Last edited 01 Sep 2016

State Route 520 Floating Bridge

Aerial 520 Bridge.JPG

In March 2016, Washington State in northwest America officially opened the world’s longest floating bridge. The ‘State Route 520 Bridge’ (SR520), as it is known, is a six-lane pontoon structure 2.4 km in length. It was constructed as part of the ‘Connecting Washington’ package of measures, Washington State’s largest and greenest transportation investment.

It replaced a four-lane bridge that was completed in the early-1960s. The bridge boasts bigger and stronger pontoons and anchors than the previous bridge, along with a stormwater collection and treatment system to help improve the water quality of Lake Washington. A bus and carpool lane flows in either direction, as well as a 14 ft-wide bicycle and pedestrian path.

Floating bridges are constructed on large water-tight concrete pontoons rigidly connected end-to-end, upon which the road deck is constructed. Individual bridge pontoons are built on the land before being floated and towed to the bridge site. Once there, they are connected at each end to grounded approach structures, starting at the edge of the floating structure and then pieced together towards the bridge’s centre. Enormous cables hundreds of feet long hold the pontoons in place, connected to anchors buried deep in the lake bed.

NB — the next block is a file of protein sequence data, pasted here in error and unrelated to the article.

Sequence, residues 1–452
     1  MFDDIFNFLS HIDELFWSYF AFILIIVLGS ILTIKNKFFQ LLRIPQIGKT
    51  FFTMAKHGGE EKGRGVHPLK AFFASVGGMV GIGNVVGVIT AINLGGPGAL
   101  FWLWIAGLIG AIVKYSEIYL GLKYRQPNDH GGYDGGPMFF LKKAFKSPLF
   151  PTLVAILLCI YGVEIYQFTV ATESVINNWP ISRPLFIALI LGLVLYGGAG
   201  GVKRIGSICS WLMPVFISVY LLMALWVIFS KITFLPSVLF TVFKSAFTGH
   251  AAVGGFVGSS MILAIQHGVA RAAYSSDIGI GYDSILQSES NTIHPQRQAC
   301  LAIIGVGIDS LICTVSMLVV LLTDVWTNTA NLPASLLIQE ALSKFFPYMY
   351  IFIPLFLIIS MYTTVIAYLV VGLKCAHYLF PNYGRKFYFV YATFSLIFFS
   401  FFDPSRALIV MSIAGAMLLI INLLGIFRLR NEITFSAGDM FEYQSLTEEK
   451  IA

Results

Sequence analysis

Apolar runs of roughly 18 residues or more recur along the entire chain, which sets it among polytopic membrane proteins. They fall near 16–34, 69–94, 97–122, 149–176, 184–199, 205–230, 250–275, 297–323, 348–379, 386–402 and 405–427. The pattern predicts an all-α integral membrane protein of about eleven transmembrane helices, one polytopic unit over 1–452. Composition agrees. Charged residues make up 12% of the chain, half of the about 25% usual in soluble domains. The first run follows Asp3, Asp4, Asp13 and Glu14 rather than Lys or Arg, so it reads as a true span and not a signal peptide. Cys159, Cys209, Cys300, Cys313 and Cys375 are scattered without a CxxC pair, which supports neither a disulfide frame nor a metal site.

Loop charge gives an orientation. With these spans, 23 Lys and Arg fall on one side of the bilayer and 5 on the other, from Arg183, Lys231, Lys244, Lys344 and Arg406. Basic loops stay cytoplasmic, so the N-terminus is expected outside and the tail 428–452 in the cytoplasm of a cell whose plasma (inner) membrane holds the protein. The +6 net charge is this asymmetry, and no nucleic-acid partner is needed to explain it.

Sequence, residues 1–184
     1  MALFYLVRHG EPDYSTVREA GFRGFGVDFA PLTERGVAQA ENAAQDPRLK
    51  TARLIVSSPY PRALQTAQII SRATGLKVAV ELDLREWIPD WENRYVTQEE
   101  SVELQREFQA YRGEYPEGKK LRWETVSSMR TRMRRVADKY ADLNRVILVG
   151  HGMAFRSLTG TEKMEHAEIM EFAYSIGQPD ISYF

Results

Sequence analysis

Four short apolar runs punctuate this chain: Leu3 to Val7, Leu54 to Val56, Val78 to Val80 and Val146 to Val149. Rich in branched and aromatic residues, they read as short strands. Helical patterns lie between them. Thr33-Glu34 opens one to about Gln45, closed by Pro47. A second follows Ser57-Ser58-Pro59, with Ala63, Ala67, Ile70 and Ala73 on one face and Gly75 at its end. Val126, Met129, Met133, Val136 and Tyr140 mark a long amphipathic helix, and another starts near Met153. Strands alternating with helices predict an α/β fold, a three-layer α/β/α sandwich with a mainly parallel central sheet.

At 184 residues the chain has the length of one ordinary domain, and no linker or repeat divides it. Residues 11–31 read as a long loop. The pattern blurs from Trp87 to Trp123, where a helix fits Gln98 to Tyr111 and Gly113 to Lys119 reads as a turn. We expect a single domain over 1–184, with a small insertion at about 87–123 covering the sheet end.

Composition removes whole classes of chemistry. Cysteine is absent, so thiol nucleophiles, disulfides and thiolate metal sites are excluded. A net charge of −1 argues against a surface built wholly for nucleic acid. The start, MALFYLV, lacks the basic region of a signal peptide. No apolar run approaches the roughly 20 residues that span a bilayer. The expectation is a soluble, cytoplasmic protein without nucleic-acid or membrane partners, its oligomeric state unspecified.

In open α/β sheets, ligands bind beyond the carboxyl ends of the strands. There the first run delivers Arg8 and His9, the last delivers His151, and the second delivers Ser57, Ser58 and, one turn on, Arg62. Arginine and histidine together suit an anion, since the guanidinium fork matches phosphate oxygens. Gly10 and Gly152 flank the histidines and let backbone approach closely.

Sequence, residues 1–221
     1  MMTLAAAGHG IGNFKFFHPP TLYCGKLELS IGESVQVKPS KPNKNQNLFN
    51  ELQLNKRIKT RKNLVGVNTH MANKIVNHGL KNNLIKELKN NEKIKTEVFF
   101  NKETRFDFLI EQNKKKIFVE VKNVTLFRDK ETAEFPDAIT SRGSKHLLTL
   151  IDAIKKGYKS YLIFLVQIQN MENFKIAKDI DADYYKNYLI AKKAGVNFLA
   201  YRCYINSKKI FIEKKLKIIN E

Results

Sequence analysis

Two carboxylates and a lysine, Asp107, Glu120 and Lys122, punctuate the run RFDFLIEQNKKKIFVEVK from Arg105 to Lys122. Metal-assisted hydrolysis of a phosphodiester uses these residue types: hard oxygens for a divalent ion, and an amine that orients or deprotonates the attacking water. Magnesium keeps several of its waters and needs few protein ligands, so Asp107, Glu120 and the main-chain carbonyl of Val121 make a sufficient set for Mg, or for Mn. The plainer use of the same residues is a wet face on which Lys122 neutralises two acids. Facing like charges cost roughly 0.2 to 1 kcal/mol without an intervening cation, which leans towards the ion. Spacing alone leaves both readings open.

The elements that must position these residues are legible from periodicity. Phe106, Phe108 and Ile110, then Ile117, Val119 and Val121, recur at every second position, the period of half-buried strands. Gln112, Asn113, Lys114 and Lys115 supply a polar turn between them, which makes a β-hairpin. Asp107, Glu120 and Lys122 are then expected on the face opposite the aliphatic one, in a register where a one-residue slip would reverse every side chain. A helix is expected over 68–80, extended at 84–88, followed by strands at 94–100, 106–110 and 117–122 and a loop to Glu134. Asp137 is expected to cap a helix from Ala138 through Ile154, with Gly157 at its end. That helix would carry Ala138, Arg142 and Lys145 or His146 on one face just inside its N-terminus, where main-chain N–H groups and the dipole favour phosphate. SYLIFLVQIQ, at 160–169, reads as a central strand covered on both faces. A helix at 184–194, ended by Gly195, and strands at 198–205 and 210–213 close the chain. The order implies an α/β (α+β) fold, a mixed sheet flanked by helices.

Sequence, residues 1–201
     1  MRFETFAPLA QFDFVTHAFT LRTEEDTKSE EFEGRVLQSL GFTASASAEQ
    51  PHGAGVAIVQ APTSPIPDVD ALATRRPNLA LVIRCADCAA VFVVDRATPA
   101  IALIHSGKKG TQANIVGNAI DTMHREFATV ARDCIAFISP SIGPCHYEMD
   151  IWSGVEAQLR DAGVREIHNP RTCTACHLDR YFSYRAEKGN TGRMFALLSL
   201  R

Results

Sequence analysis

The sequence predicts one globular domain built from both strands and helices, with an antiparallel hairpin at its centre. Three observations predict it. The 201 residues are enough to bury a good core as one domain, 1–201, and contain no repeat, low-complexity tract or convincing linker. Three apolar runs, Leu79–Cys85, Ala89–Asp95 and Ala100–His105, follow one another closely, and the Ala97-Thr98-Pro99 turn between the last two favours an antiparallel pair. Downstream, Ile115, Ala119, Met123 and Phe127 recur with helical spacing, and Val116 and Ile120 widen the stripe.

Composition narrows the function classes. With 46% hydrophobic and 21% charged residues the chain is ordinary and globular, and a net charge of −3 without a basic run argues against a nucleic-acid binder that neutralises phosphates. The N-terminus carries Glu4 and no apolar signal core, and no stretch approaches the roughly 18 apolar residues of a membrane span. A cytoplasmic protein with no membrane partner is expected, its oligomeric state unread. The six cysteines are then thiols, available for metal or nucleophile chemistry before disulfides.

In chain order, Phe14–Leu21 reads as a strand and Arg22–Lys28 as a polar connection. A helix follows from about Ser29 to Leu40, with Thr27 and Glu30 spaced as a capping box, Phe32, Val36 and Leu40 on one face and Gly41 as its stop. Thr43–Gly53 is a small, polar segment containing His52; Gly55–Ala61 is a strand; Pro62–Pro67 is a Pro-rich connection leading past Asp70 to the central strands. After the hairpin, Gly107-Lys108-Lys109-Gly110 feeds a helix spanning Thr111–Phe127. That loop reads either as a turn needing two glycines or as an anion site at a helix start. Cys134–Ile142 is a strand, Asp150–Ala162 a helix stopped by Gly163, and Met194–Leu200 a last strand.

A more conventional suspension bridge was not suitable for the location as the deepest point of Lake Washington is 214 ft, meaning that the bridge’s support towers would have to be approximately 630 ft tall, nearly the same height as the Space Needle.

The use of floating bridges is typically limited by the wind and wave forces that are likely to be experienced. The ‘fetch’ is the unobstructed clear distance over the water that wind can travel to the bridge. The longer the fetch, the higher the wind and wave forces will be. Pontoons bend, heave and twist as a result of wind and wave forces, creating large stresses in the pontoons and anchor system. However, even in the event of a ‘100-year storm’ (a storm that statistically has 1% chance of occurring in any given year), the pontoons are designed so that they will not crack, and so the bridge will not sink.

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